Sunday, February 11, 2007

Invisible novelist: thoughts on Paul Auster

Paul Auster’s nuanced and very moving The Brooklyn Follies reminded me of something an Auster fan told me once. “He’s one of the very few writers I know,” he said, “who can get you so involved in the story that you forget there is a novelist’s voice behind the narrator’s.”

Reading this book, I saw what he meant. By the time I was on the third or fourth page, Auster was out of my mind and as far as I was concerned the story really was written by its narrator, Nathan Glass, a retired insurance agent. One reason is that compared with most other writers Auster doesn’t have an obvious, easily identifiable style. The writing is so functional, so centred on taking the story forward that the novelist’s methods are invisible.

I’m not talking here about the distinction that’s commonly made between simple, lucid writing (e.g. Vikram Seth) vs writing that draws attention to itself (e.g. Salman Rushdie’s fiction). Even authors who belong to the former category, whose work we think of as narrative-driven, do usually have a distinct style that marks their writing as the work of a particular person (a contemporary example being Kazuo Ishiguro, one of my favourites). But Auster’s writing in The Brooklyn Follies is so completely integrated with his narrator’s personality that one has no trouble in believing that Nathan himself wrote it all.

This is less common than one might think. In most first-person stories narrated by characters who are not professional wordsmiths, the reading process entails a minor suspension of disbelief (though we tend not to dwell on it). There’s an implicit understanding that though the thoughts and experiences are the narrator’s, the story is being ghost-written by an accomplished novelist: he’s clarifying the narrator’s ideas, polishing the language, supplying order and structure. (While reading Ishiguro’s The Remains of the Day, for instance, narrated by the butler Stevens, we understand that if Stevens were to himself sit down and write the story his prose would not be anywhere near as elegant as Ishiguro’s, nor his writing as organised.)

It’s different when the narrator himself is a writer by profession. Philip Roth’s frequent narrator Nathan Zuckerman is a successful novelist – in fact there’s very little that separates him from Roth – and so the striking prose of books such as American Pastoral, I Married a Communist and The Human Stain doesn’t seem incongruous. One is aware that Zuckerman’s own writing could be this proficient, or close enough.

Auster’s Nathan on the other hand, though an intelligent, well-read man, has never been a writer – until, very late in life, he starts jotting down notes for a book, more for amusement than anything else. And the narrative of The Brooklyn Follies fits what one would expect of such a character. Nathan is self-conscious about the writing process and about his own limitations: he plays around with sentences, comments on his stylistic choices, begins one chapter on an experimental note, deliberately avoids all forms of description in another chapter. He introduces his nephew Tom by flamboyantly (and awkwardly) bestowing the title Hero of this Book on him. And he fumbles for the right words, as in this passage where his car has just stalled:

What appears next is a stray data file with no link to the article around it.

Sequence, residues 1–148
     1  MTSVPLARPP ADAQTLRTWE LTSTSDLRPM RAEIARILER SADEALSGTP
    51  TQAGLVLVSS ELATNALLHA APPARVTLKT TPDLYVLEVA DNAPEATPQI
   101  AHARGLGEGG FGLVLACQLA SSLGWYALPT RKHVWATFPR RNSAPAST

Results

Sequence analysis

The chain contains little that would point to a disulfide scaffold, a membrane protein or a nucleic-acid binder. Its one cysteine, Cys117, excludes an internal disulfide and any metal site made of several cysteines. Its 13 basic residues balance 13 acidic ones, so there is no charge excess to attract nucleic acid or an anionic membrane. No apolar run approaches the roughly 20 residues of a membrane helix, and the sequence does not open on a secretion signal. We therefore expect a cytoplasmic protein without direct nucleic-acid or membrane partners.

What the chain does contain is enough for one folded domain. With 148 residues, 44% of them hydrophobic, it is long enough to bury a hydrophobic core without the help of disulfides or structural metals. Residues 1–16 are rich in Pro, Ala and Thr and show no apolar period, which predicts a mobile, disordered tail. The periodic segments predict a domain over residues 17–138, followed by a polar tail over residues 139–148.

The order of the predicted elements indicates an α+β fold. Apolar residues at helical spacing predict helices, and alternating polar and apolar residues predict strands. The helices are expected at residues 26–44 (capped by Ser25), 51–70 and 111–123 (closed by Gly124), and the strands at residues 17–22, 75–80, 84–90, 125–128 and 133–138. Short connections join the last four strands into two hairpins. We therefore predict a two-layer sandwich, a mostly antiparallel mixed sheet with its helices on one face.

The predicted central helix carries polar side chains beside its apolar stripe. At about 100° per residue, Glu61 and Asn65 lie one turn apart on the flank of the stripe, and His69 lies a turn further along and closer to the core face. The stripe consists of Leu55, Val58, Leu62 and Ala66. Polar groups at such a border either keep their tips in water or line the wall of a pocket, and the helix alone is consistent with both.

...the engine coughed forth one of the most peculiar noises in automotive history. I have sat here thinking about that noise for the past 20 minutes, but I still haven’t found the correct words to describe it, the one unforgettable phrase that would do it justice. Raucous chortling? Hiccupping pizzicati? A pandemonium of guffaws? I’m probably not up to the task – or else language is too feeble an instrument to capture what I heard, which resembled something that might have come from the mouth of a choking goose or a drunken chimpanzee.
Later, after an unpleasant phone conversation with his ex-wife, he decides to stop referring to her by name, which leads to the use of phrases like “(Name Deleted)” at points in the narrative; this could have been annoying and gimmicky, but it’s true to Nathan’s playfulness and his growing confidence about his role as a storyteller.

Note: I’m not saying that if Nathan Glass existed he actually would have been able to write this very novel, just that we are given that impression – which is one of Auster’s great achievements. He’s a deceptively good writer and a lot of craft must go into the seeming effortlessness of his work.

[Will review The Brooklyn Follies soon]


  1. Jai,
    What's the price of this book in Rupees?